Familiar Songs - Their Authors & Histories

300 traditional songs, inc sheet music with full piano accompaniment & lyrics.

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BREAK, BREAK, BREAK.
37
BREAK, BREAK, BREAK.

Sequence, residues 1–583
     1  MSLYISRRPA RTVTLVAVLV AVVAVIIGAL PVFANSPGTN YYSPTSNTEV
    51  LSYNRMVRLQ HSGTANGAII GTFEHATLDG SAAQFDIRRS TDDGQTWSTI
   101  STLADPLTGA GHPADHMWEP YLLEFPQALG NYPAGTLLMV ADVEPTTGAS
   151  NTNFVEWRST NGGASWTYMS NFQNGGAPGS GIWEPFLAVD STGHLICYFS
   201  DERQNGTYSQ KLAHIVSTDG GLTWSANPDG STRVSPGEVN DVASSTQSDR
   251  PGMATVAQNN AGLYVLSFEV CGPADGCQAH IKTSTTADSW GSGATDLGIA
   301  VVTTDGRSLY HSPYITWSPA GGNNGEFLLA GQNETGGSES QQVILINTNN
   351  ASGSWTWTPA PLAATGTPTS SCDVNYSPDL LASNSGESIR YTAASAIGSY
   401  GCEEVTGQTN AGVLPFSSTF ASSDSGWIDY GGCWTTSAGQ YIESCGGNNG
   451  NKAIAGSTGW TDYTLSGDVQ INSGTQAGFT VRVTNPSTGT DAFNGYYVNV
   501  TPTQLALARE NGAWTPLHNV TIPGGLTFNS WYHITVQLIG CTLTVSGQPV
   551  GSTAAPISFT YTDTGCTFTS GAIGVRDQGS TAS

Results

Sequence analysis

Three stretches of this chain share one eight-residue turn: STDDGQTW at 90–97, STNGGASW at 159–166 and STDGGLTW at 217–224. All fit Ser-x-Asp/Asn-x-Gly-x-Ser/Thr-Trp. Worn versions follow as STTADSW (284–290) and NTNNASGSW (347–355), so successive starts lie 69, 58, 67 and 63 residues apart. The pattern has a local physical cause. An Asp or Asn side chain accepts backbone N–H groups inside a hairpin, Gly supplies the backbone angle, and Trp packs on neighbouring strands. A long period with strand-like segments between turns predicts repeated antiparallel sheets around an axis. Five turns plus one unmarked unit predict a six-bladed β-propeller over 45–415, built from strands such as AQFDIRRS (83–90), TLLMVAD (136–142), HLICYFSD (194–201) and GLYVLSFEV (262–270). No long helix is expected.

Alfred Tennyson, the first of living poets, is less known outside of his poetry, as a man among men, than almost any of his professional brothers. How he looks and speaks, what he loves and hates, what is his creed, religious or political, have not been revealed, even to his own countrymen. Mr. James T. Field's lecture on him has afforded almost the only glimpses we have of the huge and rather unkempt person, gruff manners, and egotis­tical conversation, which make up a somewhat unattractive picture. Even the date of Tennyson's birth, which took place in Somerby, Lincolnshire, where his father was rector, seems to be in doubt, being given as 1809 or 1810. He was the third of twelve children, and those who have heard Mr. Fields, will recall the amusing incident that reveals a family trait. A bold hunter had bearded the lion in his den, and on being shown into Tennyson's reception-room, saw a taciturn-looking gentleman sitting there, evidently at home. Approaching him, the visitor said blandly, " Have I the great pleasure of beholding Mr. Tennyson ? " The tall figure drew itself up at full length, and in a gloomy voice re­plied, "I am not Alfred,—I am Septimus, the most morbid of them all." The perfect lyric " Break, break, break," was written to commemorate the same event that called forth *' In Memoriam," the death of the author's early friend, Arthur Henry Hallam, son of the historian of the " Middle Ages." The lament was given its appropriate musical ex­pression, in the melody composed by William E, Dempster, who set other lyrics of Ten­nyson's which have become so well known, that a choice for this book was as difficult as it was necessary. "The May Queen," and "Turn, Fortune, turn thy wheel," will readily recur. The music was dedicated to Mrs. Browning,—not the poetess, but an old and valued friend of the composer';', still residing at Aberdeen, Scotland. Mr. Dempster's character was well calculated to call forth life-long friendships. Mrs. Browning writes, " He was as amiable, kind, and warm-hearted a man as I ever knew, and his moral character was unexceptionable."








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